How do you find the derivative of #f(x)=x^2-5x+3#?
The derivative of a function is the instantaneous rate of change of the function at a given point. But we have a function, so we want to find the rate of change throughout. We have two ways of doing this, and I'll show you both ways.
Method 1: The Power Rule
This method only works for polynomials (
So we can apply this to your function. But we also have a constant. Remember that adding or subtracting a constant yields only a vertical shift, not a stretch. Therefore, it has no effect on the rate of change, so we can also say:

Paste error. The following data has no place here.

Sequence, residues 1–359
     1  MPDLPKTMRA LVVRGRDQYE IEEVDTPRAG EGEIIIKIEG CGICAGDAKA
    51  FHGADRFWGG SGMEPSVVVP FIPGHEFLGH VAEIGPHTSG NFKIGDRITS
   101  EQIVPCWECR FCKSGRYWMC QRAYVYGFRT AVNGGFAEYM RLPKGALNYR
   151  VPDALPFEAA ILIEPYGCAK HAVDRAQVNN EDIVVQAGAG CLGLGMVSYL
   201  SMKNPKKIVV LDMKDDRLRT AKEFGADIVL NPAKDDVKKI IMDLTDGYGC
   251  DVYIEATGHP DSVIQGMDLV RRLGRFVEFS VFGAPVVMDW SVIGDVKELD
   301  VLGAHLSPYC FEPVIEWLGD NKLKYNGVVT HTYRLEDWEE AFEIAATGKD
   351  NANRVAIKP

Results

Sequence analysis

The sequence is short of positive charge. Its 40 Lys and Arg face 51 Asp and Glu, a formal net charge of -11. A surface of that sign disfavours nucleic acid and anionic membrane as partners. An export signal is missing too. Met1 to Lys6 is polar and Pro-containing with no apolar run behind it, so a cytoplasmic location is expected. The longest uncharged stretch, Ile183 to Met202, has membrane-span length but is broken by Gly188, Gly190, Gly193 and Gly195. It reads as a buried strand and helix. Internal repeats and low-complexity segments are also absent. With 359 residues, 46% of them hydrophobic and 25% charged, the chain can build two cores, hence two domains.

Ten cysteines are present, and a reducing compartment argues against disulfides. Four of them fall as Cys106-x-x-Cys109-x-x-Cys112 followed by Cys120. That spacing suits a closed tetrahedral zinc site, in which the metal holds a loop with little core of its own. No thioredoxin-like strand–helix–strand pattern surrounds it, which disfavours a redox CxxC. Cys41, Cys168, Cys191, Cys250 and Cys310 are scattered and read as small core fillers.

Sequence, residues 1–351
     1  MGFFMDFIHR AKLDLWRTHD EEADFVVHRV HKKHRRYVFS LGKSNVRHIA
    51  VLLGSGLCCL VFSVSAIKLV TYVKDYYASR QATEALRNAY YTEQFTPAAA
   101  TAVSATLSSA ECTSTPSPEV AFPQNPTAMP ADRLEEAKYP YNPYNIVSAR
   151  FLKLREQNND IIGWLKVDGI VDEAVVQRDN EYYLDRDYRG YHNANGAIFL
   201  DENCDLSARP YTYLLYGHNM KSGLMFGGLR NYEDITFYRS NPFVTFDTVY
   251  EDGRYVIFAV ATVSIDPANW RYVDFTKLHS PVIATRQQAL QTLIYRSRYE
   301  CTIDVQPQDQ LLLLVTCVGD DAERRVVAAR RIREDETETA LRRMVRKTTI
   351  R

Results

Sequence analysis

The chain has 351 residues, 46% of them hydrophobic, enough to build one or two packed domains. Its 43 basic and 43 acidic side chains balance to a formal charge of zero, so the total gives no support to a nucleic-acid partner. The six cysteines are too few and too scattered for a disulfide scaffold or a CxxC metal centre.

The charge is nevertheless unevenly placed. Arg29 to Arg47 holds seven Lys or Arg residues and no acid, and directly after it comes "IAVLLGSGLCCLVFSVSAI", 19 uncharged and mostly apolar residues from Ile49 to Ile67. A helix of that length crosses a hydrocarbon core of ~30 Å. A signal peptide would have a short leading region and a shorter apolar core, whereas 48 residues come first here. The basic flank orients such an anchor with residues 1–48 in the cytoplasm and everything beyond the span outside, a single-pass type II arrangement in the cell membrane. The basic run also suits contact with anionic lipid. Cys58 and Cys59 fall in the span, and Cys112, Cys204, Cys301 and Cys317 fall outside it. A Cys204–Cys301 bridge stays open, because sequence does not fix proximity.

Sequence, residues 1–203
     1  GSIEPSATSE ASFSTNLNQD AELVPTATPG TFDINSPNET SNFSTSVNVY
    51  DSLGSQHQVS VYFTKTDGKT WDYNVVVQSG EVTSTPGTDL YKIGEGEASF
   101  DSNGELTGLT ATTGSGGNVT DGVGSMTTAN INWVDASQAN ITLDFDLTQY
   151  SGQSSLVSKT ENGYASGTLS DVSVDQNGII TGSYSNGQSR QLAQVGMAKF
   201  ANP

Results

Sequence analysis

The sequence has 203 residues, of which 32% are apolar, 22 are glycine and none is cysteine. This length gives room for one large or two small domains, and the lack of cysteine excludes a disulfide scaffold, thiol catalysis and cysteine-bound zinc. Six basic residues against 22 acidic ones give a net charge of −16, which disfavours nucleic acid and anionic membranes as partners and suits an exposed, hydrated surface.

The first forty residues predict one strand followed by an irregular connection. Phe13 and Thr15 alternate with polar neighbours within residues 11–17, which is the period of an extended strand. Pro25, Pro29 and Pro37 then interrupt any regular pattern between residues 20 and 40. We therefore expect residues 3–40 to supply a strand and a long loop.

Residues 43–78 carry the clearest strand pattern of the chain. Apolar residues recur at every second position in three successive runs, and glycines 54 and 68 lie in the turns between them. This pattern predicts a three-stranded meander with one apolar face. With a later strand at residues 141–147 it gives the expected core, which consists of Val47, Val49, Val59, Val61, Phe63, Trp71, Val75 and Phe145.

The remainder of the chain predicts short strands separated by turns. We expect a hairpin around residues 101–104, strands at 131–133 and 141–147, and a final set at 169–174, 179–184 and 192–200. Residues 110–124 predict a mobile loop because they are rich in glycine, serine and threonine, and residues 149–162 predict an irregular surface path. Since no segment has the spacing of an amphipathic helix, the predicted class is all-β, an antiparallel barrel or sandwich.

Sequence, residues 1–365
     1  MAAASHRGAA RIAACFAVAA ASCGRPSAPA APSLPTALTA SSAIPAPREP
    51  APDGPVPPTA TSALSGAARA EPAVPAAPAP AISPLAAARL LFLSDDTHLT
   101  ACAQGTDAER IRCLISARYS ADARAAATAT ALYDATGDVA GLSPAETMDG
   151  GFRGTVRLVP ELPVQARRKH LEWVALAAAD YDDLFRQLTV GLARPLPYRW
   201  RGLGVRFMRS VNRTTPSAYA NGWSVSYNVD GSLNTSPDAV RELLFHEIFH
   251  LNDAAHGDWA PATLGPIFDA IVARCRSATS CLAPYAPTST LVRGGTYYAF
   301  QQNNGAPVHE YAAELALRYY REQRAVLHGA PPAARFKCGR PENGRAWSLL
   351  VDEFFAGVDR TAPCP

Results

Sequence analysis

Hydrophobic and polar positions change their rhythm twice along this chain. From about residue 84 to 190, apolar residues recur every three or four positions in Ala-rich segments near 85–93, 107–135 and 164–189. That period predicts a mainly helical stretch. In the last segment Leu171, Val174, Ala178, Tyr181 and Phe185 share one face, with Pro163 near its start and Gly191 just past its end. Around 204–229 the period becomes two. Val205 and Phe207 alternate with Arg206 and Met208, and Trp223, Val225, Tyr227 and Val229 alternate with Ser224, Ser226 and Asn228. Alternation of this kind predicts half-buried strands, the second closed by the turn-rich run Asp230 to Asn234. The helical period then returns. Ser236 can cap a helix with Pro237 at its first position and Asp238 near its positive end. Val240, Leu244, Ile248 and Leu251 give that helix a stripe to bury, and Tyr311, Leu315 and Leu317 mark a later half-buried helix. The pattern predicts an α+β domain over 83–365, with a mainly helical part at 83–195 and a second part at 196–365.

We can use these two rules together to get the answer:
Method 2: First Principles
First Principles is a method that allows you to take the derivative of any function. It comes from the slope formula (
So let's plug in your function:
Since we can't divide by 0, we need to get the h out of the denominator. So let's expand the binomial.
And let's combine all the like terms (cancelling out most of the x values):
Now, every term as an h somewhere in it. So we can divide by h:
And now as the limit approaches 0, 2h reaches 0, and therefore, we are left with the final answer: